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Small, Southern, unwealthy, Arkansas has long been looked down on by the more prosperous states of the upper Midwest. Now the gap is closing. As we've reported previously, Michigan has copied Arkansas's anti-union "right to work" law, virtually assuring that per capita income in the peninsular state will drop to Arkansas levels. Welcome, Wolverines. Familiarize yourself with the food stamps.
Arkansas already has surpassed once-proud Wisconsin in the compensation of football coaches. The new Razorback coach, Bret Bielema, who came to Arkansas from the University of Wisconsin for a salary of $3.2 million, says that getting higher pay for his assistants too was one of the key reasons he changed jobs.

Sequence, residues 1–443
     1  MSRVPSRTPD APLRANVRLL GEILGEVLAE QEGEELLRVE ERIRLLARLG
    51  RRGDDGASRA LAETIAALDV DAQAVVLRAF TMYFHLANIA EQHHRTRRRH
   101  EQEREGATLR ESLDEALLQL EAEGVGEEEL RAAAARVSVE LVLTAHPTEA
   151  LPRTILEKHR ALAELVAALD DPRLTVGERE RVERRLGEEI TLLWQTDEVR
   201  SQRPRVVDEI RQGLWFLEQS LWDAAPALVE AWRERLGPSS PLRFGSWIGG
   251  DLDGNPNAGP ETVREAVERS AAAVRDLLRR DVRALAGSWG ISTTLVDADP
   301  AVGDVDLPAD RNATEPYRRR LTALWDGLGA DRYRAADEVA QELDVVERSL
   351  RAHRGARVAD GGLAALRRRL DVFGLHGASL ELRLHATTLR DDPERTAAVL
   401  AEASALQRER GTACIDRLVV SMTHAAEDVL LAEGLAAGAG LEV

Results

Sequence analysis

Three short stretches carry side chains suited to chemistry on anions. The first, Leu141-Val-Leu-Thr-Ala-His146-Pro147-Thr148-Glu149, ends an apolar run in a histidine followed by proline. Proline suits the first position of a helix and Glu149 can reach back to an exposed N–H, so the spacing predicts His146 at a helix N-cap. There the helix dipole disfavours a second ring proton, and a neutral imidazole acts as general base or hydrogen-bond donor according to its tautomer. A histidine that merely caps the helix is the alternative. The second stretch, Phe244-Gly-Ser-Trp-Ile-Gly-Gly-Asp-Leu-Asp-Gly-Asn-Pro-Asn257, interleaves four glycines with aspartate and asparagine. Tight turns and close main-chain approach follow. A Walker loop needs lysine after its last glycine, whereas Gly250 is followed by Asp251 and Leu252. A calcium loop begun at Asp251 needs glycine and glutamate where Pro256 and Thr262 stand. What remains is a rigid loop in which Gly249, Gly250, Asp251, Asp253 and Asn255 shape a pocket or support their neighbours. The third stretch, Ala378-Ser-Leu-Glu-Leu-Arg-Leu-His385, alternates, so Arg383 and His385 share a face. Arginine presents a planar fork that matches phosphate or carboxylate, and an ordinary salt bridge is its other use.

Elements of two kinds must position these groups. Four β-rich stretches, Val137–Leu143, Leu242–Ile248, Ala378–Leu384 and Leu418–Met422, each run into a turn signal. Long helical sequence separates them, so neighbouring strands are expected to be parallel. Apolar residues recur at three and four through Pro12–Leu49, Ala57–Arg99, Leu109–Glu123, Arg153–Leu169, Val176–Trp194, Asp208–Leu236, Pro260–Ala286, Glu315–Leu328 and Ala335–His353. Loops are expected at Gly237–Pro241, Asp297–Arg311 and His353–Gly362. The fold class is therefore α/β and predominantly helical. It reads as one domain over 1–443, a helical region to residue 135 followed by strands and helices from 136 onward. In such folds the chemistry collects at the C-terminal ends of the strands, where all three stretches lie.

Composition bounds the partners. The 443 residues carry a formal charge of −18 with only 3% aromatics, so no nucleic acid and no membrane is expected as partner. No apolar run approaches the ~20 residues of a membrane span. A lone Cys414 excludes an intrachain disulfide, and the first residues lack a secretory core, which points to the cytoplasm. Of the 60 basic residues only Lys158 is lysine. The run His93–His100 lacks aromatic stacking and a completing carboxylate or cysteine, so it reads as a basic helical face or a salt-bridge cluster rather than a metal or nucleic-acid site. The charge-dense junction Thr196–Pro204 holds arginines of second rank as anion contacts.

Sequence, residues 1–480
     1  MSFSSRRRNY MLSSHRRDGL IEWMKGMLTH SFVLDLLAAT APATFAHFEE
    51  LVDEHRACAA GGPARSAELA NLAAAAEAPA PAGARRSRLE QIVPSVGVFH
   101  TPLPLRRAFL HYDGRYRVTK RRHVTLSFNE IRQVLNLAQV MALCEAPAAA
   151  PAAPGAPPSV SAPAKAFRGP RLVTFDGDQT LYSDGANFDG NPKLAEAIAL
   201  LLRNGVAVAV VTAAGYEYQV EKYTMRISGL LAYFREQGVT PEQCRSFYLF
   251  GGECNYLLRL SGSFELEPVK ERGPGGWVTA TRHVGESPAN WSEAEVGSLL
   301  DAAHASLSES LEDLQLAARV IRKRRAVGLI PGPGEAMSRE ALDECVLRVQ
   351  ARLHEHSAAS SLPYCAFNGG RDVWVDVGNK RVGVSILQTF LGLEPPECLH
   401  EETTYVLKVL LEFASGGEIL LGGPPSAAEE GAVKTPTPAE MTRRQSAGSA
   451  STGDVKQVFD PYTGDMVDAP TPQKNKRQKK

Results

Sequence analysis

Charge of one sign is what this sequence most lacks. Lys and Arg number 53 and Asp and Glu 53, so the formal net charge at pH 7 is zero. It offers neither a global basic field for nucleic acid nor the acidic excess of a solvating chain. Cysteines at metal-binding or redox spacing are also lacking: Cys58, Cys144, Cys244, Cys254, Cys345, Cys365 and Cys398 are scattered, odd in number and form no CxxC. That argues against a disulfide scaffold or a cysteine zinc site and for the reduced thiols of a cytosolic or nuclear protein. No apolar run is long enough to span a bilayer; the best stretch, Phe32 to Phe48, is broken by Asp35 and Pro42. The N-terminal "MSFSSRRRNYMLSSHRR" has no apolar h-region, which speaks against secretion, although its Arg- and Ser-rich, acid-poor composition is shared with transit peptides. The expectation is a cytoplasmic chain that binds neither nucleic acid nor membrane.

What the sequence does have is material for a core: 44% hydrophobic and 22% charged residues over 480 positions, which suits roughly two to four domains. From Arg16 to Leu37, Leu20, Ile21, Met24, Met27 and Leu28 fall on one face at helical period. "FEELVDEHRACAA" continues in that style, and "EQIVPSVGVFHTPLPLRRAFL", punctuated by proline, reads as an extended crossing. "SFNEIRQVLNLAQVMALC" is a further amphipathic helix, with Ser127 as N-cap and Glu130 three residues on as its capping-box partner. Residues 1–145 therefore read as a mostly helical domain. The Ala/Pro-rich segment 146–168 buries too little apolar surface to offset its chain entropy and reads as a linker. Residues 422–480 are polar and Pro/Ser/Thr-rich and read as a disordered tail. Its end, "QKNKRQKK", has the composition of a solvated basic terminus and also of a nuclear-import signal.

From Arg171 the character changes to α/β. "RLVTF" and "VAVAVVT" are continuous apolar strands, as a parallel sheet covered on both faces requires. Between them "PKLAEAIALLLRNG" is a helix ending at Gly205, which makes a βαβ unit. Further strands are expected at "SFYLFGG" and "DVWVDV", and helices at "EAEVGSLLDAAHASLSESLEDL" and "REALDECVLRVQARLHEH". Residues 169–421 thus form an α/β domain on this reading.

Bielema said that after Wisconsin defeated Nebraska in the Big 10 championship game, some of his assistants had approached him about job offers from other schools. "They were talking money that I can't bring them at Wisconsin. Wisconsin isn't wired to do that at this point. I just felt that for me and my future and my life and what I want to accomplish in the world of college football, I needed to have that ability to do that and thankfully I've found that here at Arkansas."
So unwired Wisconsin has the cheese, but Arkansas has the coaches. Both states have school teachers. Up to now, Wisconsin's have made considerably more money, but with an anti-union governor and legislature working to drive down teachers' pay, Wisconsin educators may not be much better off than Arkansas's before long. Although, there's an anti-teacher group in Arkansas that's hard at work too. If anybody can keep Arkansas teachers on bottom, the Billionaire Boys Club can.